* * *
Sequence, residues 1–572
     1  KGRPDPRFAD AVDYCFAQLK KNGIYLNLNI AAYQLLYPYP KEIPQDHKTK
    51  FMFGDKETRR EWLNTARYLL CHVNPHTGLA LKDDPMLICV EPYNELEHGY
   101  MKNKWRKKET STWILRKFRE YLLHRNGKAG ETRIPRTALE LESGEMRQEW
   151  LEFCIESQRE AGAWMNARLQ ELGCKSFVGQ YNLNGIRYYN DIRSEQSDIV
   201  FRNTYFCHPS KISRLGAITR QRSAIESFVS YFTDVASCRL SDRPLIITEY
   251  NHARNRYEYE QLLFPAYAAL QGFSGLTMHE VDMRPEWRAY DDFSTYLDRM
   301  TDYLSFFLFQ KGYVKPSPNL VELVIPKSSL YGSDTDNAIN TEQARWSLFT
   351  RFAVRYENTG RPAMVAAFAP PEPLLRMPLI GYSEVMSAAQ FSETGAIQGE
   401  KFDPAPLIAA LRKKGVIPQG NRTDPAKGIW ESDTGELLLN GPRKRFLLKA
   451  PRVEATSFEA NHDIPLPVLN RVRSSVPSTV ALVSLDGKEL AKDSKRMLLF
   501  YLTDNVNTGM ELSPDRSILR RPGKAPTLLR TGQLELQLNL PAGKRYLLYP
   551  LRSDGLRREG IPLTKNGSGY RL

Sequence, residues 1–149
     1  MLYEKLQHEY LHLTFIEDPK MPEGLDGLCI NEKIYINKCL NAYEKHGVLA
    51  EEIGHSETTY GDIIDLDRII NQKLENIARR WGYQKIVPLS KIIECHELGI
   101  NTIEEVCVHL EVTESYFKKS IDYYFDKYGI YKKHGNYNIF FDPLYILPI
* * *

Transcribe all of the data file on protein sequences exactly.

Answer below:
Sequence, residues 1–572
     1  KGRPDPRFAD AVDYCFAQLK KNGIYLNLNI AAYQLLYPYP KEIPQDHKTK
    51  FMFGDKETRR EWLNTARYLL CHVNPHTGLA LKDDPMLICV EPYNELEHGY
   101  MKNKWRKKET STWILRKFRE YLLHRNGKAG ETRIPRTALE LESGEMRQEW
   151  LEFCIESQRE AGAWMNARLQ ELGCKSFVGQ YNLNGIRYYN DIRSEQSDIV
   201  FRNTYFCHPS KISRLGAITR QRSAIESFVS YFTDVASCRL SDRPLIITEY
   251  NHARNRYEYE QLLFPAYAAL QGFSGLTMHE VDMRPEWRAY DDFSTYLDRM
   301  TDYLSFFLFQ KGYVKPSPNL VELVIPKSSL YGSDTDNAIN TEQARWSLFT
   351  RFAVRYENTG RPAMVAAFAP PEPLLRMPLI GYSEVMSAAQ FSETGAIQGE
   401  KFDPAPLIAA LRKKGVIPQG NRTDPAKGIW ESDTGELLLN GPRKRFLLKA
   451  PRVEATSFEA NHDIPLPVLN RVRSSVPSTV ALVSLDGKEL AKDSKRMLLF
   501  YLTDNVNTGM ELSPDRSILR RPGKAPTLLR TGQLELQLNL PAGKRYLLYP
   551  LRSDGLRREG IPLTKNGSGY RL

Sequence, residues 1–149
     1  MLYEKLQHEY LHLTFIEDPK MPEGLDGLCI NEKIYINKCL NAYEKHGVLA
    51  EEIGHSETTY GDIIDLDRII NQKLENIARR WGYQKIVPLS KIIECHELGI
   101  NTIEEVCVHL EVTESYFKKS IDYYFDKYGI YKKHGNYNIF FDPLYILPI